be no adjustment to the image with the scanner software, just do all
the adjustments in Photoshop. Hope you don't mind the questions,
I just don't want to overbuy.
The full version of LaserSoft SilverFast provides the tools to do very
refined color correction. I have found this has made it possible to
make scans of less than perfect originals that I would not otherwise
expect a decent image from, and adjust them on perceptual basis in the
SilverFast preview, resulting in a final scan with image attributes
far superior to the original.
Those who have told you that you should make your color correction adjustment
after your final scan, that's essentially a raw scan, are very
misled. With a scanner like yours, the CCD reads at 36-bit color depth
and converts that information down to 24 bits to transfer it to your
computer's application. If all of the adjustments are made that
are needed necessary to result in an ideal image directly from the scan,
no post-scan adjustment is needed.
The advantage is this: the adjustments are made in the preview to image
information that has 1/2 again as much detail and depth than what is
transferred to your computer, so you are essentially working with the
best of what is available, and what you specify by those adjustments
are transferred filling your computer's 24-bit color space. If
those same adjustments are made after a raw, unadjusted scan, you can
lose as much as a third of the data in the image file, and end up with
a much weaker image in comparison.
There is a simple way to check this. Do all of the adjustments in the
scan preview of an image and scan it. Then go back and make a raw, unadjusted
scan of the image. Next, make the adjustments after the scan in Photoshop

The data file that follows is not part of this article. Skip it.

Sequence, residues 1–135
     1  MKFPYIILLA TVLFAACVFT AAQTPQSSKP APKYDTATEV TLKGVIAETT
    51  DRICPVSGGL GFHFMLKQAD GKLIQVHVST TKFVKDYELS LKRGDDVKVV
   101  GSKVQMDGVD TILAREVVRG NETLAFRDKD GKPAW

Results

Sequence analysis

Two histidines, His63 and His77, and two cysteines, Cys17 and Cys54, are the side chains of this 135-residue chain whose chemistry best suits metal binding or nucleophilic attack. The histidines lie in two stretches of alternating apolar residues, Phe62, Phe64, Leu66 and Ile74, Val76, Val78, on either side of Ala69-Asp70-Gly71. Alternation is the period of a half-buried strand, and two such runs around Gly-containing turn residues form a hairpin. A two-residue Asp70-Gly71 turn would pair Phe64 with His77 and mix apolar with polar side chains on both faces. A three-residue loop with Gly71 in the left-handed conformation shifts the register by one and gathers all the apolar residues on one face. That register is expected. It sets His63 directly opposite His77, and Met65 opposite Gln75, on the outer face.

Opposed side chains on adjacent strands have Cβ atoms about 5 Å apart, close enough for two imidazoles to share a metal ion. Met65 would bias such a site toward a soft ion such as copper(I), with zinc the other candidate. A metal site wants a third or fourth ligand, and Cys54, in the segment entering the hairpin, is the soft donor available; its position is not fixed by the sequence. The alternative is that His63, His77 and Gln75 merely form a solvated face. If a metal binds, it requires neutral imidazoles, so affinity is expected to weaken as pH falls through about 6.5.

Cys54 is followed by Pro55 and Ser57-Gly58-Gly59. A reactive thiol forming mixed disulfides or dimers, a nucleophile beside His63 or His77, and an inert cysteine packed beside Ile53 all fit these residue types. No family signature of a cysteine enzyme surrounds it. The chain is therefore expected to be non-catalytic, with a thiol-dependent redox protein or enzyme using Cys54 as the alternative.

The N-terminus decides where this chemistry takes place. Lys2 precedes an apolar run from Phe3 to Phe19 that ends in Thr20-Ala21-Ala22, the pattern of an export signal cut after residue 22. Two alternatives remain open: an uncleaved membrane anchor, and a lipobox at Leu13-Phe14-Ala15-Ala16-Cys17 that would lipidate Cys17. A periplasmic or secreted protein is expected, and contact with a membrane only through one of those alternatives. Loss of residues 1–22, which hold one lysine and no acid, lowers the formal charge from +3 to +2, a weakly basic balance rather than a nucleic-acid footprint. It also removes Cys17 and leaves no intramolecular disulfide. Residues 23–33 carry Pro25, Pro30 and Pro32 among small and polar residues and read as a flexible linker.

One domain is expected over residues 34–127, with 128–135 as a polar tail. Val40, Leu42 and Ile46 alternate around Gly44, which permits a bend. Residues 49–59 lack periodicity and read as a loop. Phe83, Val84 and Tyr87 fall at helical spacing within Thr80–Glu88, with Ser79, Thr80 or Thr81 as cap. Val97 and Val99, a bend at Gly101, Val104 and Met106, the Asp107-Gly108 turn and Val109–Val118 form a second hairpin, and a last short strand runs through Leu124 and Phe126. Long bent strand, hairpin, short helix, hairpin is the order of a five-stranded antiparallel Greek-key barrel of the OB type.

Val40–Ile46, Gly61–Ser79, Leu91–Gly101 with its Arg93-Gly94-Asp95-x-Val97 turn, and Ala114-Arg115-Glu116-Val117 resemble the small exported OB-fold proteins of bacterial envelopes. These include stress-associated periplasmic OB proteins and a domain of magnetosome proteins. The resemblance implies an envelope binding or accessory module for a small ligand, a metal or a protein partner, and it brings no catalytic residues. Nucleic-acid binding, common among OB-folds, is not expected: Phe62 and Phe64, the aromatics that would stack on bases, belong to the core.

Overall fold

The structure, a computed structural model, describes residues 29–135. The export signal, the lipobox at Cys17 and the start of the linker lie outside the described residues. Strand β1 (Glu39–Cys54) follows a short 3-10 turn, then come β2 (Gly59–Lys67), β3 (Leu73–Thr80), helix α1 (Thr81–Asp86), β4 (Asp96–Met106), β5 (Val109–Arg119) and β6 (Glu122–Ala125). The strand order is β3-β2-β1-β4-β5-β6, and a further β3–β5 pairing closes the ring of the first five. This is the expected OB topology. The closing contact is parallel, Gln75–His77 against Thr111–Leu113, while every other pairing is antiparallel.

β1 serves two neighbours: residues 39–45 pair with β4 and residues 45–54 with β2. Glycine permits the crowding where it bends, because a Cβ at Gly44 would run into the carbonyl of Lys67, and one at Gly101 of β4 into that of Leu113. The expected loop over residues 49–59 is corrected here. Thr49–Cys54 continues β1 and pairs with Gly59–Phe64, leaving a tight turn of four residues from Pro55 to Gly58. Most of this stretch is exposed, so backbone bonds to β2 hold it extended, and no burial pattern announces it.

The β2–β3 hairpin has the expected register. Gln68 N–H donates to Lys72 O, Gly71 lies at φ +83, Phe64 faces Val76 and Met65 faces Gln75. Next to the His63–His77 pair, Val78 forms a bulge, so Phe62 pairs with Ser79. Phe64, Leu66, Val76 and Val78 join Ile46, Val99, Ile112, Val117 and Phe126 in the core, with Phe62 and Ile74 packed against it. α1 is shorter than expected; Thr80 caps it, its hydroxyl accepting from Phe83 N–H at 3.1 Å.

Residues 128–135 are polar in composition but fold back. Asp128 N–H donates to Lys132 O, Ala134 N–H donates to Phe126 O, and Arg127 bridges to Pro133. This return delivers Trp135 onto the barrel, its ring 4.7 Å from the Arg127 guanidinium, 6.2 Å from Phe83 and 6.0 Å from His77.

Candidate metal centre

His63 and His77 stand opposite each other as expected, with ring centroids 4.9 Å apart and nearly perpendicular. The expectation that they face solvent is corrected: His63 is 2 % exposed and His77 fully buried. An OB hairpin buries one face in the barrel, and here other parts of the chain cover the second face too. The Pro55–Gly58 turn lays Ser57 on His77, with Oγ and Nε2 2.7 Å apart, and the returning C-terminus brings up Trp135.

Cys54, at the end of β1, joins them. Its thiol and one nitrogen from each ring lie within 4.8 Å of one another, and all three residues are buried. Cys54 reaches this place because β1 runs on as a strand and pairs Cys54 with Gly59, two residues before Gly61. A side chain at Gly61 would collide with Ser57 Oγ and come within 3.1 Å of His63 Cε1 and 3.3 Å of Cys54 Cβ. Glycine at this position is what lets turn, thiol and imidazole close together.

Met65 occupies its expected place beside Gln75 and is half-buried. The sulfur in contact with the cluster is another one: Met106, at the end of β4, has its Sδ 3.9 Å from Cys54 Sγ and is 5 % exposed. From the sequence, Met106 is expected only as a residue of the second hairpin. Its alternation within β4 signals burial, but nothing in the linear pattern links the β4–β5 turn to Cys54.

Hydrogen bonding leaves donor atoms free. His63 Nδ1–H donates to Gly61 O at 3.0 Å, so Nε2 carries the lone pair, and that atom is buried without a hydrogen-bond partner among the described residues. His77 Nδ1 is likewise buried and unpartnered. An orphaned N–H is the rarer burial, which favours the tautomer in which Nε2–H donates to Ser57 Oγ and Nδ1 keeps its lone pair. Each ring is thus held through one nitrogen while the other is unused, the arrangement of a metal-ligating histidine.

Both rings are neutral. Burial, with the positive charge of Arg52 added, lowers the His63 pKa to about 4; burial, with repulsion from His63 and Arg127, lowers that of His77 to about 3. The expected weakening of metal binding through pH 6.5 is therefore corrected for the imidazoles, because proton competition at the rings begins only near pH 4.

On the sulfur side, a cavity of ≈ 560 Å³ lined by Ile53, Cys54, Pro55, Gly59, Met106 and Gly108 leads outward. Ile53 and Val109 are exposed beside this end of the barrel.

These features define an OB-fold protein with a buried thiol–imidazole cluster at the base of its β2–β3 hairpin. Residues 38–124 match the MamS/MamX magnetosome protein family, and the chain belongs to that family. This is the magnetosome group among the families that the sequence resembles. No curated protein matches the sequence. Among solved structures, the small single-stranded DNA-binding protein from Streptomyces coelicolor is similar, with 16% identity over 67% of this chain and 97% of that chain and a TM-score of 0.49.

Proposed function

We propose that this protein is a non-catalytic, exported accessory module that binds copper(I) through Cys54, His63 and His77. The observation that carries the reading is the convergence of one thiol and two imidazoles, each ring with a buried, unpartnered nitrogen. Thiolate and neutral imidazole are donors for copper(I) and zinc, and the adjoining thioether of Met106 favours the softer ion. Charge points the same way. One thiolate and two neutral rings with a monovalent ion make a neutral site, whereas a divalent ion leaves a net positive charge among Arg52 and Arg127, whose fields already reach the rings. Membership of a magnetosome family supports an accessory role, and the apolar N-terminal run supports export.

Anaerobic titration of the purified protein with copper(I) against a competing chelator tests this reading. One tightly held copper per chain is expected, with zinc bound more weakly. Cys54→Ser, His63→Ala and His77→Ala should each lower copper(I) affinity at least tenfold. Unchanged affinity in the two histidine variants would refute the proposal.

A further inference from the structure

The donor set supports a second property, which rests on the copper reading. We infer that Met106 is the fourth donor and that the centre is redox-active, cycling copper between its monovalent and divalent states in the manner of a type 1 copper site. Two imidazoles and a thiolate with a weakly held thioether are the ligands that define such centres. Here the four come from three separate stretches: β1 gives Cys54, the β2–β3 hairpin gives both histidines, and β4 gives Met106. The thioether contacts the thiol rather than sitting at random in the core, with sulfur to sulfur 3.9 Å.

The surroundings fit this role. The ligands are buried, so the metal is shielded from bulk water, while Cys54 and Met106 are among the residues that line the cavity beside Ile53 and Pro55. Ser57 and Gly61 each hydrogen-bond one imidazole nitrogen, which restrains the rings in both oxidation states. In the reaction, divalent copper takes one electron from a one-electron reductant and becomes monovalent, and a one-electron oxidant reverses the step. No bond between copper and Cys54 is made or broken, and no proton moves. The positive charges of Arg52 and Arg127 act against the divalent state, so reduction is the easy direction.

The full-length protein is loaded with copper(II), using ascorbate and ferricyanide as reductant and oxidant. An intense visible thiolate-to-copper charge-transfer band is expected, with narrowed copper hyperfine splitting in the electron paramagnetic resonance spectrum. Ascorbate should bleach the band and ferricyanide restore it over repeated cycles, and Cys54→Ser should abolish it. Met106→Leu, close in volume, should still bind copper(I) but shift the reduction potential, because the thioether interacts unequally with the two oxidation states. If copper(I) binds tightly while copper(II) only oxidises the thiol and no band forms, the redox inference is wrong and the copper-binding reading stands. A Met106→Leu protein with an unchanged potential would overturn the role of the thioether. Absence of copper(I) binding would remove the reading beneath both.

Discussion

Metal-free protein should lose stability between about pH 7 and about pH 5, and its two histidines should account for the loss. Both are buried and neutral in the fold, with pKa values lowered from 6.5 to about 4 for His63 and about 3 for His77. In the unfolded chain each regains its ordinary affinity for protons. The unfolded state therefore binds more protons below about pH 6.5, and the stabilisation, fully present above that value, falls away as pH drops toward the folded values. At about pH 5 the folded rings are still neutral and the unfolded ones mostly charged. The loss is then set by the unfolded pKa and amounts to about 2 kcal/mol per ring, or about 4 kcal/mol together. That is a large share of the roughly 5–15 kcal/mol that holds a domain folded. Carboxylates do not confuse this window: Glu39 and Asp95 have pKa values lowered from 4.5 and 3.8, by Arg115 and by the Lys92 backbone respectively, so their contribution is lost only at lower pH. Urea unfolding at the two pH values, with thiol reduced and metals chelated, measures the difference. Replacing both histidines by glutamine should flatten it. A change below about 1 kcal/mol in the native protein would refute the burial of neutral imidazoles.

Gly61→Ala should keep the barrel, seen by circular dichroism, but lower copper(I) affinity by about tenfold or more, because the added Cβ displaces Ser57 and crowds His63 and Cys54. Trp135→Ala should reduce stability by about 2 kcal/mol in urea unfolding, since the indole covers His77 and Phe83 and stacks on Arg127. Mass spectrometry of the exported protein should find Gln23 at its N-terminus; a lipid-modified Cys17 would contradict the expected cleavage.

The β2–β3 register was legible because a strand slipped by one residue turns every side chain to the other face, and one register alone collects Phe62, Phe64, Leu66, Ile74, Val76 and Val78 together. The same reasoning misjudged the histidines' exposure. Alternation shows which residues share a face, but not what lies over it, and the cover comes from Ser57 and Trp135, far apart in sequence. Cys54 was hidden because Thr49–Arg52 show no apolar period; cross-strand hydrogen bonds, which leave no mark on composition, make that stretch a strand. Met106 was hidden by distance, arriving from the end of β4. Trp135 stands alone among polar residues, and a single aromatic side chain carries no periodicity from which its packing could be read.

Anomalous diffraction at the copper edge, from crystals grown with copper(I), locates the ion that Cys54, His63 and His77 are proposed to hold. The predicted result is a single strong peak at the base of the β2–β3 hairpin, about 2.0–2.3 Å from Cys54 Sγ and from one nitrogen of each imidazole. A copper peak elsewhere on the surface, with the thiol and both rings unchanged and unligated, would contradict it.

so the image looks the same as the first scan. Then with each image
open in Photoshop click on the Image menu heading and then drop down
and click on Histogram. I think you will find the Histogram display
will show solid black for the image corrected before scanning, and in
the histogram of the one adjusted in Photoshop after scanning there
will be vertical line spaces of white. These white spaces in the graph
indicate image information that has been lost.
There is one exception to this, and that is with some higher-end scanner
software you can transfer the full color depth up to 48 bits into Photoshop.
Then color correcting in Photoshop (in 48-bit Mode), you'll have
the same kind of result as doing the color correction previous to scanning.
Once the Mode is converted to the computer's standard 24-bit color
depth, the entire adjusted image will be intact and there will be no
loss of data. These days many professionals who are archiving their
images digitally store the raw 48 bit can data as a TIFF file so they
always retain all of the data from their scans.
Q. I am a subscriber
to your very good magazine. I have a Microtek scanner and the Adobe
System. I am an 84-year-old novice at this. Does Adobe (Photoshop) 5
have a book which I can look at before purchasing? I live in Spring
Hill, Florida. Would this book be available at a local store? Do you
have any suggestions? Your March (issue) had some fantastic articles
on digital. Thank you very much for any help that you offer.
are a considerable number of after-market books written and published
to supplement the user guide for Adobe Photoshop. Most, unfortunately,
are not addressed to the photographic use of Photoshop, but are targeted
at designers and artists. There is one exception which I have read and
found valuable. It is, Real World Photoshop 5 by Bruce Fraser. To my
knowledge this book is quite popular with photographers.
If your local bookstore does not stock this book, I'm sure they
would be pleased to order it. Whether the bookstore policy will allow
a special order on contingency that you will purchase it if acceptable
may be subject to a fee or deposit on the special order, or they may
be completely cooperative. I am glad that you are enjoying the digital
articles contributed to Shutterbug.
PS: Since I wrote the above in a letter to you, I had a meeting with
Adobe, and Photoshop's Marketing Manager was kind enough to recommend
a book new to me: Adobe Photoshop 5 For Photographers by Michael Evening;
published by Focal Press.